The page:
As if all this wasn’t cutting edge enough, the LE46A756 has one other major innovation up its sumptuous sleeves: The Content Library. Tucked away in a hefty chunk of built-in memory is a diverse amount of pre-loaded multimedia content, ranging from cooking recipes to animated children’s stories, a selection of photos you can use as screensavers, sing-a-long children’s songs, exercise routines, and even some (very basic) games.
However, although this stuff is for the most part as beautifully presented as it is innovative, I’m not wholly convinced about how much of it most people will really bother with on a regular basis. But as with the online connectivity, it nonetheless feels like another early glimpse of the future of TV, as well as making for a great after-dinner conversation piece.
The LE46A756’s screen boasts a Full HD resolution, as you’d expect these days, together with an eye-catching contrast ratio of 70,000:1 – the highest figure I can remember seeing on a non-LED LCD TV.
Also on hand is a seriously wide-ranging set of tweaks for getting pictures to look exactly how you want them. Probably the most significant of these tweaks is a 100Hz Motion Plus system that both doubles the image’s frame rate and introduces new frames of image data to make motion look more fluid as well as more detailed.
Also of note are noise reduction routines, a black level booster, a skin-tone adjustment, an edge enhancement processor, backlight adjustment, a gamma adjustment, and white balance adjustment – but there are still other things to have a go at if you really haven’t got anything better to do!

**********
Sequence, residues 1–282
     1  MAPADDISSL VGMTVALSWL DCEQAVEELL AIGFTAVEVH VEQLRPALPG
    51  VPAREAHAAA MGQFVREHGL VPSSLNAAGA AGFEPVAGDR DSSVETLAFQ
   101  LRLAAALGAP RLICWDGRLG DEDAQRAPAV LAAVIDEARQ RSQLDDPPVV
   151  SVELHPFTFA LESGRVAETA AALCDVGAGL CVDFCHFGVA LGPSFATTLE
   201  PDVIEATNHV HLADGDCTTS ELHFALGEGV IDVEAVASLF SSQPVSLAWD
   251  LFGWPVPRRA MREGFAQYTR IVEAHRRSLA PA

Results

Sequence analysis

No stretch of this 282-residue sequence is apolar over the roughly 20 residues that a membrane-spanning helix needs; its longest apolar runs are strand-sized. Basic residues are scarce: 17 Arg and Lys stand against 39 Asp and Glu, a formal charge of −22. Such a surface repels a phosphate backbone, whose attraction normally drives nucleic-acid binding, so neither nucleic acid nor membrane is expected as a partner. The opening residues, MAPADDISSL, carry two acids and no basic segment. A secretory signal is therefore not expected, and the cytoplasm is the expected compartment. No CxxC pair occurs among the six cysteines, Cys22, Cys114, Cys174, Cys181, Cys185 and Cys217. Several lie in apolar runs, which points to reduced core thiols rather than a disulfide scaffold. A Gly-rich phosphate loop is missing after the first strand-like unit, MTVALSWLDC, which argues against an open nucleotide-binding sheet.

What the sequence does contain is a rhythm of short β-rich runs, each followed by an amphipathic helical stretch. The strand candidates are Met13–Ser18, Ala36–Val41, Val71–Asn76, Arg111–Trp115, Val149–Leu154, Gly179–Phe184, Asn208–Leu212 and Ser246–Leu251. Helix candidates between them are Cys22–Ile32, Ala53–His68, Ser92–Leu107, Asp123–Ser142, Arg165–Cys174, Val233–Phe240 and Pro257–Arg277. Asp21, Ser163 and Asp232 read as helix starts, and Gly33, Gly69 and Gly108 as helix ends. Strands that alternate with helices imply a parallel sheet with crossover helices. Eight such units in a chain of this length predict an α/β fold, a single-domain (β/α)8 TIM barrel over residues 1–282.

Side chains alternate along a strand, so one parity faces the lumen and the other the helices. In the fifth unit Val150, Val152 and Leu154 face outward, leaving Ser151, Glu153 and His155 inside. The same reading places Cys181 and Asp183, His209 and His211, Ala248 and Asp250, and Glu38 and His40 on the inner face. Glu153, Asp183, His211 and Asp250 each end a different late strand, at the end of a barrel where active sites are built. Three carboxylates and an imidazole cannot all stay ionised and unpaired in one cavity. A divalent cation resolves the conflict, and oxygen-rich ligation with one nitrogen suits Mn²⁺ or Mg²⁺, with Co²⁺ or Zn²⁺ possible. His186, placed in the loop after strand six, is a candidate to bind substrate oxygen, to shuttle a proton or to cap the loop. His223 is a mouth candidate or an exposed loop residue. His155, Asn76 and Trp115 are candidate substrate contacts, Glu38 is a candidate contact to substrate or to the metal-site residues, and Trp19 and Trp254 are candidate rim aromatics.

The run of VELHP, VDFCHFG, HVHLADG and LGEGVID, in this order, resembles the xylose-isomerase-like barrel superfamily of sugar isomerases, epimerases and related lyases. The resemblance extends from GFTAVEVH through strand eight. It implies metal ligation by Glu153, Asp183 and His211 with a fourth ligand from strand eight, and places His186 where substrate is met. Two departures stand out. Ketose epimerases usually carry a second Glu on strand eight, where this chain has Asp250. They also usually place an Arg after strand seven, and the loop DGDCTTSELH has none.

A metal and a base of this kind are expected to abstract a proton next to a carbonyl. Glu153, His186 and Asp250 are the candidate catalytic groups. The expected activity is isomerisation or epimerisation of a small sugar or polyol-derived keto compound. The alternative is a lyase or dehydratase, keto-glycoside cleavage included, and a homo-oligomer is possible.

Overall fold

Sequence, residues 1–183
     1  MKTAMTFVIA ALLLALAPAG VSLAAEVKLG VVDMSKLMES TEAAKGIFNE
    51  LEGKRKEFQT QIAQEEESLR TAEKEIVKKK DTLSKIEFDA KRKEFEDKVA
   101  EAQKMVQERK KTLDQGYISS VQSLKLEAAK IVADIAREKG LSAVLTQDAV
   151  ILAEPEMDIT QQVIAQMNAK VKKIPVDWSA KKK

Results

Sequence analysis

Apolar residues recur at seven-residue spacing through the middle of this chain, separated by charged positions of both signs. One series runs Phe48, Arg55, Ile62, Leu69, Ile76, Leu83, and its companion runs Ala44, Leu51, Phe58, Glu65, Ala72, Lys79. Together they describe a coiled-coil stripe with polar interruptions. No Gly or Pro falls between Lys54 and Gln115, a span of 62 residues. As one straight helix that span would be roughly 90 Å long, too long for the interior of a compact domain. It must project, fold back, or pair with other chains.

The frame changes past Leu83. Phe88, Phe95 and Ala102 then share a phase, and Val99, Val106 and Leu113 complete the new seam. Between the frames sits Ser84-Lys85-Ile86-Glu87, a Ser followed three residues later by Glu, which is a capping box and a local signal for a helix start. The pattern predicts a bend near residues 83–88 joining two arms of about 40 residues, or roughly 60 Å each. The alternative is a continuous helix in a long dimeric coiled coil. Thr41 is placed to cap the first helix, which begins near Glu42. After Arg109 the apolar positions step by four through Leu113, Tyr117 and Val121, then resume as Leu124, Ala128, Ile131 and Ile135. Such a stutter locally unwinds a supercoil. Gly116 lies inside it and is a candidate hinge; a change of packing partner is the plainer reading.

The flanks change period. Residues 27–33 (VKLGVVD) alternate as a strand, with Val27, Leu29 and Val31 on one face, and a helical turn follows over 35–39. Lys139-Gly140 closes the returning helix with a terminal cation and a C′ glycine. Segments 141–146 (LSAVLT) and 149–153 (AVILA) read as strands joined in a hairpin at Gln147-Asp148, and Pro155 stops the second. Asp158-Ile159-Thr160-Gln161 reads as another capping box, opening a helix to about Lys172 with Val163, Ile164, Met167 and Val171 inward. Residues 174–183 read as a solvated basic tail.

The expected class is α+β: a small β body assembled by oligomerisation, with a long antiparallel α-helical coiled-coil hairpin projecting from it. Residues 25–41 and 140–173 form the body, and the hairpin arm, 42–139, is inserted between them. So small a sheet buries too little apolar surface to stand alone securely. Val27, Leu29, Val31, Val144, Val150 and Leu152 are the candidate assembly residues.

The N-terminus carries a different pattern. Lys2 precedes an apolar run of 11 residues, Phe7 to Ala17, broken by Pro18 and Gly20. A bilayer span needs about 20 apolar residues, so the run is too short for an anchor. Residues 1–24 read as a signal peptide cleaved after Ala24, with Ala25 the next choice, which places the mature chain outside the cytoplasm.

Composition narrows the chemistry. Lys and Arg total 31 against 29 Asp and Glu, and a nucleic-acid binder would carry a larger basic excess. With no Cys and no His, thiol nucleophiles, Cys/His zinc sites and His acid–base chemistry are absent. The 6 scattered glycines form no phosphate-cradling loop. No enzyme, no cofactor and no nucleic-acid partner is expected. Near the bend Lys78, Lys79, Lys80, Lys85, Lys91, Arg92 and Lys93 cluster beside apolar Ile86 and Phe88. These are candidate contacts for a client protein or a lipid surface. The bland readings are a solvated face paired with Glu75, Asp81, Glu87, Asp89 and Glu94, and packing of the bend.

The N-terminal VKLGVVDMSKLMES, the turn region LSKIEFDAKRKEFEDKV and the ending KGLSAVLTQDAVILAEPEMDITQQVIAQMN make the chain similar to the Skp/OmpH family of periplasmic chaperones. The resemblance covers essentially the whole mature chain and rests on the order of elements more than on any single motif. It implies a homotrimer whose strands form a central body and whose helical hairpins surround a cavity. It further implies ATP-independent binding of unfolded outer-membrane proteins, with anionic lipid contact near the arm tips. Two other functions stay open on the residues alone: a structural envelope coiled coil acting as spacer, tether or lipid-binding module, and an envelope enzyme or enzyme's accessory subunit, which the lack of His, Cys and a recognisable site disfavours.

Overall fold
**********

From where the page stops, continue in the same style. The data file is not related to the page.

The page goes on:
The recent Samsung plasma and LED sets I mentioned at the start of this group test have all proved very impressive. And happily the LE46A756 makes it a clean technology sweep, with one of the finest ‘straight’ LCD picture performances I’ve seen.
Particularly impressive are the profound black levels the set can achieve. As Batman and Rachel are pursued through Gotham at night by the police in the ”Batman Begins” Blu-ray, the night sky looks remarkably free of the usual LCD greyness, helping give the scene real credibility; the cinematography a superb sense of depth; and the picture overall a degree of dynamism that really does put most LCD rivals in the shade. Or to sum things up more succinctly, dark scenes on the LE46A756 look stunning to a degree not usually seen outside of the plasma or LED world.
In fact, although the LE46A756’s black levels aren’t as profound as those of Samsung’s LED-based LE55A956, they don’t suffer with the LED model’s occasional ‘blooming’ problem around bright image elements, and so I suspect some people might prefer the LE46A756’s approach to all things dark.